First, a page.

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They took me on the path with the most points of interests and a great views of the train as it passes by. I appreciated that, so I could get a good overall first impression. I was also thrilled that this trail went by their featured grandfather Hinoki Cypress tree which is one of the oldest in the area at over 300 years old.
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Once we got back, we went to the clinic again to do the after-walk blood pressure and saliva stress test.
And the result is……
The stress level from the saliva test, which is done in a similar device to a blood glucose meter, also showed a big drop in the number from the pre-walk test result. (Sorry for the blurry photo)
Lunch & farewell
I had Soba (Buckwheat) noodles, the first of many times as it is Nagano’s signature food. This specific dish is called kakiage soba, which is a bowl of soba noodles served in a thin broth, with a handful of shredded vegetables in tempura batter on top. I also saw a sign of a dish (Pak Ha-maki, per Google translator) they make in early summer with those giant leaves we saw in the forest (Pak), rice flour dumplings (Dango) stuffed with red bean paste (Anko) and steamed inside these leaves… quite interesting.
After lunch, I visited the souvenir shop, very “dangerous” place, lucky that I had a strict luggage space budget; a must buy was Hinoki essential oil. As it turned out, many of the Shinrin-yoku participants back in our Bavaria forest sessions picked it as their favourite from a selection of various tree oils (We include a few drops of essential oil as a small sample on a piece of fabric cut in the shape of a leaf which we offer as a parting gift)
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Odds and ends
I decided to stay an extra day at the cabin in the forest. I had just experienced an amazing private Shinrin-yoku session in such a historical place, I wanted to savour it a bit more before I continued on with my itinerary. Lucky, I had an extra day before my next scheduled Shinrin-yoku session in Otari.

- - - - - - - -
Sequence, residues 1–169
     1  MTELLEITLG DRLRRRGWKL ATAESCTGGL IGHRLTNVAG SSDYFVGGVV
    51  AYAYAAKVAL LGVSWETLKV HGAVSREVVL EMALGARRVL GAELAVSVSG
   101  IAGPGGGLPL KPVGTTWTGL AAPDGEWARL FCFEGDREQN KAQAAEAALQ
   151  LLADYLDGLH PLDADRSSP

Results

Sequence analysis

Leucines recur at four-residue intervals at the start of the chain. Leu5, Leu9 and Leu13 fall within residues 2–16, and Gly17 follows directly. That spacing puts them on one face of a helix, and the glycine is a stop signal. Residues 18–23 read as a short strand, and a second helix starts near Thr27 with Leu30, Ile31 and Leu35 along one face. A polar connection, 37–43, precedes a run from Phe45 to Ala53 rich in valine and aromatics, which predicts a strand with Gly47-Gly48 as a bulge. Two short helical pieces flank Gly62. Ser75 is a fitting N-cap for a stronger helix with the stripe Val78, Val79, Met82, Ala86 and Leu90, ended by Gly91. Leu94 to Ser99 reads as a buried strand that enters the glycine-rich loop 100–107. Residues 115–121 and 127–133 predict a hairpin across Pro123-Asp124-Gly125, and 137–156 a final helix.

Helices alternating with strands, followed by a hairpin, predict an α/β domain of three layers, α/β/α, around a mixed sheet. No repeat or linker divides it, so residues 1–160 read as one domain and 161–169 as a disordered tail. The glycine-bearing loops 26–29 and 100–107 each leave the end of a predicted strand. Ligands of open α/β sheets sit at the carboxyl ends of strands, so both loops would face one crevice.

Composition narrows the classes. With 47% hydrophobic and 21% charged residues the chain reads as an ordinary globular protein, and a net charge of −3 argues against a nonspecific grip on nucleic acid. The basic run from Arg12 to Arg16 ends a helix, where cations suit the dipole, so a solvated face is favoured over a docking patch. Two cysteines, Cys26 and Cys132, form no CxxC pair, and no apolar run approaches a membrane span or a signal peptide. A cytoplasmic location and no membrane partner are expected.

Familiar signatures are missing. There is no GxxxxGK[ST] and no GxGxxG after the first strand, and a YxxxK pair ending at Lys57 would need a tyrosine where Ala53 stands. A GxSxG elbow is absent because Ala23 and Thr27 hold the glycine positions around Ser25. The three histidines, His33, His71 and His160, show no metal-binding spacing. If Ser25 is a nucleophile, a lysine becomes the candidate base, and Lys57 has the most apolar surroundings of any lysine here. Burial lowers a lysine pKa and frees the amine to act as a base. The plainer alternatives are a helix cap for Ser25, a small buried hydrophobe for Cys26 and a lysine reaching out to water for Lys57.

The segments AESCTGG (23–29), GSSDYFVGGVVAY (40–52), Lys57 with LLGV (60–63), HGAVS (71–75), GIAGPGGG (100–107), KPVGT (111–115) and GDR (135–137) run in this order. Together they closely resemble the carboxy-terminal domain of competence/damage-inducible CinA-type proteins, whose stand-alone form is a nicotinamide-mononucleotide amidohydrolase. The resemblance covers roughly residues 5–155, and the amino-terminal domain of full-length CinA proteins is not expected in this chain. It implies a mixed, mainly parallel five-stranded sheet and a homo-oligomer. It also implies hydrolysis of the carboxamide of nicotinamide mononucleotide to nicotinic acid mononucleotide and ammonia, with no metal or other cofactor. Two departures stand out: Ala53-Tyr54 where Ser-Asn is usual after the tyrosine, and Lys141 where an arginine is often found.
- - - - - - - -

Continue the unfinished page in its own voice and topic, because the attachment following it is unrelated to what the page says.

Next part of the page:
The guide and translator drove me back to the Agematsu train station where they bid me farewell very warmly, hoping I would see them again on my next trip. We followed up by email after my return, and I shared some of the photos I took which they really appreciated.
My Airbnb host picked me up again at Kiso Fukushima station to drive me back to the campground. I had a quiet late afternoon and evening walking around the forest. I asked for 5 more yoga mats because the Tatami was not my friend the night before. I gained additional respect for Japanese people being able to sleep on them with just one mat and no pillow…
Some people arrived late afternoon as it was Friday, so I wasn’t going to be all alone this time. Interesting group of “city people”, they were dressed as if they came straight from the office. It was funny to watch them fish at the small pond under the rain, umbrella in one hand, fishing rod in the other with dress shoes on.
To end this post, I wanted to add some images from a few interesting sightings and observations from the day:
Photo 1- I felt I had to take a picture of the group of city kids fishing. It was actually cute, because their demeanor more resembled a group of children, again that kind of harmless innocence that I noticed in general from Japanese people. When one of the girls caught a fish, there was a lot of giggling happening, and they had a brave one that was in charge of getting the fish off the hook for everybody. I felt very happy that they ventured into the woods for the weekend, kudos to them.
Photo 2- Very typical I thought, seeing this marker literally in the middle of nowhere. Dirt road under construction in the unoccupied section of the campground. There was a gap in the newly installed drainage grid, so instead of an orange cone, they put a cartoon character plastic figure. More evidence yet of their warm hearts and childlike innocence.
Photo 3- Back at the Akasawa forest, when I went to the washroom, I noticed this facility. A long way they have come from this type of toilet to the fully electronic, heated models of today.
Photo 4- Towel provided by the Airbnb Campground staff, I rest my case 🙂
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Next time, amazing Japanese heritage and history – Visiting the Matsumoto Castle